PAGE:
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Thread: Help Itdentify morph and species

  1. #1
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    Help Itdentify morph and species

    I caught this guy in my backyard. I have a small colony of garters that live there. I think it's a common garter and I think some type of albino. Let me know what y'all think. In eastern Washington. So there's a few overlapping species

    20200610_194358.jpg20200610_194728.jpg20200610_194354.jpg
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    T. radix Ranch guidofatherof5's Avatar
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    Re: Help Itdentify morph and species

    It looks like your state has 3 Thamnophis species.
    T. elegans - Western Terrestrial Garter Snake
    T. ordinoides - Northwestern Garter Snake
    T. sirtalis - Common Garter Snake.
    Steve
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  3. #3
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    Re: Help Itdentify morph and species

    Yep those are the ones just not sure which this is. I think it's T. sirtalis

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    T. radix Ranch guidofatherof5's Avatar
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    Re: Help Itdentify morph and species

    Whichever it is you have a treasure there. Have you done a scale count? Do you have this book?
    Seem a bit large to be a Northwestern.

    Steve
    5 awesome kids!
    Emmy, Kale, Molly, Gabby, Hailee
    They are not just snakes. They're garter snakes.
    http://www.youtube.com/user/thamnophis14?feature=mhee

  5. #5
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    Re: Help Itdentify morph and species

    Quote Originally Posted by ebcjoel View Post
    I caught this guy in my backyard. I have a small colony of garters that live there. I think it's a common garter and I think some type of albino. Let me know what y'all think. In eastern Washington. So there's a few overlapping species

    20200610_194358.jpg20200610_194728.jpg20200610_194354.jpg
    Wow! These live in your yard?! Those are some amazing colors on so many wild garters in one spot.

  6. #6
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    Re: Help Itdentify morph and species

    This is the only one with this mutation that I have found.

  7. #7
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    Re: Help Itdentify morph and species

    Also I just noticed who wrote this book. Neil Ford was an acquaintance of mine a long time ago and he gave we two wandering garter snakes. Gosh that was 30 years ago

  8. #8
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    Re: Help Itdentify morph and species

    Well since you want to know what we all think:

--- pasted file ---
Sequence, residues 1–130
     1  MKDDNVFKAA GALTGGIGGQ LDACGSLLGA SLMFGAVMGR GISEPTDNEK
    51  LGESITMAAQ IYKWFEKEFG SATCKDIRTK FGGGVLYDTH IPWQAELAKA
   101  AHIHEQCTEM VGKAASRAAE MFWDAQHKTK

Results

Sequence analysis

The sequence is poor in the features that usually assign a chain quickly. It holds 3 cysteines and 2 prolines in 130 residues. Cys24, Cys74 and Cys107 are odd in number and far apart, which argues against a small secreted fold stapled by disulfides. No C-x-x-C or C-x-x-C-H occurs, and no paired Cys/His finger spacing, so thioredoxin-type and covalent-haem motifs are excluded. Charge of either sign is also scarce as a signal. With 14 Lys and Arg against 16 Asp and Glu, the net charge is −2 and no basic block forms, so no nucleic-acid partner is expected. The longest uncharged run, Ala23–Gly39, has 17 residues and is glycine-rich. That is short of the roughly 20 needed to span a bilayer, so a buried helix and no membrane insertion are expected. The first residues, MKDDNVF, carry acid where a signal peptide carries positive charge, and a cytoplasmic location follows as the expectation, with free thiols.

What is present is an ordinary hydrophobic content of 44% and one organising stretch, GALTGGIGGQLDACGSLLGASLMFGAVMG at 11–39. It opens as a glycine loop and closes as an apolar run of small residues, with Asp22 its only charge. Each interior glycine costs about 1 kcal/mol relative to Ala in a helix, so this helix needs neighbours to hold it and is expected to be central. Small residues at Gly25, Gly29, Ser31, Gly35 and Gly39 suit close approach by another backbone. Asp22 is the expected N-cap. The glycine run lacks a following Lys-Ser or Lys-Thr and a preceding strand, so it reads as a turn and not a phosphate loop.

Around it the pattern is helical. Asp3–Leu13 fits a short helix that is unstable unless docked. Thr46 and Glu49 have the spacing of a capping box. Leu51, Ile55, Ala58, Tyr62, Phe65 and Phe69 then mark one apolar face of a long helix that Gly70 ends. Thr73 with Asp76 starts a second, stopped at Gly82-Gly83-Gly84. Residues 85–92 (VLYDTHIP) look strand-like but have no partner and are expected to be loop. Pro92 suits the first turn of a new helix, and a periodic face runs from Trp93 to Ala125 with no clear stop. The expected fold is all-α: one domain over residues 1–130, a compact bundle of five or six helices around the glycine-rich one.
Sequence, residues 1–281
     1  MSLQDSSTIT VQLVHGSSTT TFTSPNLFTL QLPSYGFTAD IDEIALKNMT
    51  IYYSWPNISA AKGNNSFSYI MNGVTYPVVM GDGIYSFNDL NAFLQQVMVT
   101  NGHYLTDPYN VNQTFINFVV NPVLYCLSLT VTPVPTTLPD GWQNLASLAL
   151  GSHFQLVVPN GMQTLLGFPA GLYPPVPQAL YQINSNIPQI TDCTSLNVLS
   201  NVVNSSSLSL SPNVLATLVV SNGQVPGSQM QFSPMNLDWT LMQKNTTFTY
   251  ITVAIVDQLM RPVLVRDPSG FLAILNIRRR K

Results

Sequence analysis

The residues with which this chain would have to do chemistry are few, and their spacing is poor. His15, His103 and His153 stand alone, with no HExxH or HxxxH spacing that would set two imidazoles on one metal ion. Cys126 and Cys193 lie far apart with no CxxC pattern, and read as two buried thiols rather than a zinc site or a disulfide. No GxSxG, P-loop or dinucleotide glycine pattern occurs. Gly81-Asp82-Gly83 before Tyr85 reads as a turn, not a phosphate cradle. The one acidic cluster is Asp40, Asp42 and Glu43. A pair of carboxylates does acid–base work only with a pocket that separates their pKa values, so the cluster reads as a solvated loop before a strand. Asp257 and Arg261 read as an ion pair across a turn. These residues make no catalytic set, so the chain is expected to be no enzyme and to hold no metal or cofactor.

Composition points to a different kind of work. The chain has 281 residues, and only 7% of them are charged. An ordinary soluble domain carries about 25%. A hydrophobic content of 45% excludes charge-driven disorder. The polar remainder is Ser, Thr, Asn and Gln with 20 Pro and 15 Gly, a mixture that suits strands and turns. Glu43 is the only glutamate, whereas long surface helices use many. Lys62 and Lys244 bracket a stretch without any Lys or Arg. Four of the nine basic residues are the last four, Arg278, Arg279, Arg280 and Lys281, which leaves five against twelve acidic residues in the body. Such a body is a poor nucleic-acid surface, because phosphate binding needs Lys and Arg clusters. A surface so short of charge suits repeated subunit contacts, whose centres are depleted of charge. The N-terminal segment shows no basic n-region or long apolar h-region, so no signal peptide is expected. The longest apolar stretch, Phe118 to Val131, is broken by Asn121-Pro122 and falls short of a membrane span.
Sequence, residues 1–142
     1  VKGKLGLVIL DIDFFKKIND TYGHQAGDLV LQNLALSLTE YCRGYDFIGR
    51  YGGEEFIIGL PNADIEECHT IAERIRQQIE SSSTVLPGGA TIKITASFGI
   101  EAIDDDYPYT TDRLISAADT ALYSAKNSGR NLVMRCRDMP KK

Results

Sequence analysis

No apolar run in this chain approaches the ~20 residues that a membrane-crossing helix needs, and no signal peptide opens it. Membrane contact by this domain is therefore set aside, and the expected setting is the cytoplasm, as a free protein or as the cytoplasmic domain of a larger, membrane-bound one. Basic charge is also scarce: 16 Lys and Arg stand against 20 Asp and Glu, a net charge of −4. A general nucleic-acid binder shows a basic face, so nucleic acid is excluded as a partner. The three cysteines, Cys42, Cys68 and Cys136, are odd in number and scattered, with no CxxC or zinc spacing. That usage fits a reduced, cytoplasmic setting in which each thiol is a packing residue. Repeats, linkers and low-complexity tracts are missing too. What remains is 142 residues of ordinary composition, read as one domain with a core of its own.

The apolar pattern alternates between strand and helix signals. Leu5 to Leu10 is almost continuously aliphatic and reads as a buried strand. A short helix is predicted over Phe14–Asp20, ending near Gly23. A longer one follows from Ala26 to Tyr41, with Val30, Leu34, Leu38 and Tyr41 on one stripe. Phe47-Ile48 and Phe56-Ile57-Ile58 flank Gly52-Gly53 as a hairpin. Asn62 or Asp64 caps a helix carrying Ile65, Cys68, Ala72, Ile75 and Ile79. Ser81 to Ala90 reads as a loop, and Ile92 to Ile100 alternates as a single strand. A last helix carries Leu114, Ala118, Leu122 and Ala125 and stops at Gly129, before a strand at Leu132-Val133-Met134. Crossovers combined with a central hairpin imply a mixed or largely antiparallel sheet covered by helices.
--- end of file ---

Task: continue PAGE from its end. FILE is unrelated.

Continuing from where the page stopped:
1) I think it's a male
    2) I think you need to breed it to as many local females as possible in hopes of producing similar offspring.

    I would gather up ~20 females from as close as possible to where you obtained that male and brumate them all together with that male this upcoming winter. If that subspecies drops litters in late summer then before brumation time you may find some neonates of similar mutation, because the trait is in the gene pool in that area. The 100+ neonates that will be of normal color/pattern can just be released back into the wild.
    Good luck!

  9. #9
    T. radix Ranch guidofatherof5's Avatar
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    Re: Help Itdentify morph and species

    20 females! Let's not wear him out.
    Steve
    5 awesome kids!
    Emmy, Kale, Molly, Gabby, Hailee
    They are not just snakes. They're garter snakes.
    http://www.youtube.com/user/thamnophis14?feature=mhee

  10. #10
    T. radix Ranch guidofatherof5's Avatar
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    Re: Help Itdentify morph and species

    My friend Steve S. sent me this email with regards to this snake. I thought I would share it with you.

    Hey Steve,
    Noticed this on the garter snake forum. I think it's an incredibly beautiful leucistic, hypomelanistic Thamnophis e. vagrans!
    Of course, a potentially cannibalistic species, so prospective mates should be same size and, ideally, monitored as much as possible. Don't want "Mama" eating "Papa" (or even trying) in case they become too excited!
    Also, I'm pretty sure that all native snakes are technically protected in Washington state, so a word to the wise...
    Hope all is well with you and your family in these trying times.
    Stay healthy,
    Steve
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    Steve
    5 awesome kids!
    Emmy, Kale, Molly, Gabby, Hailee
    They are not just snakes. They're garter snakes.
    http://www.youtube.com/user/thamnophis14?feature=mhee

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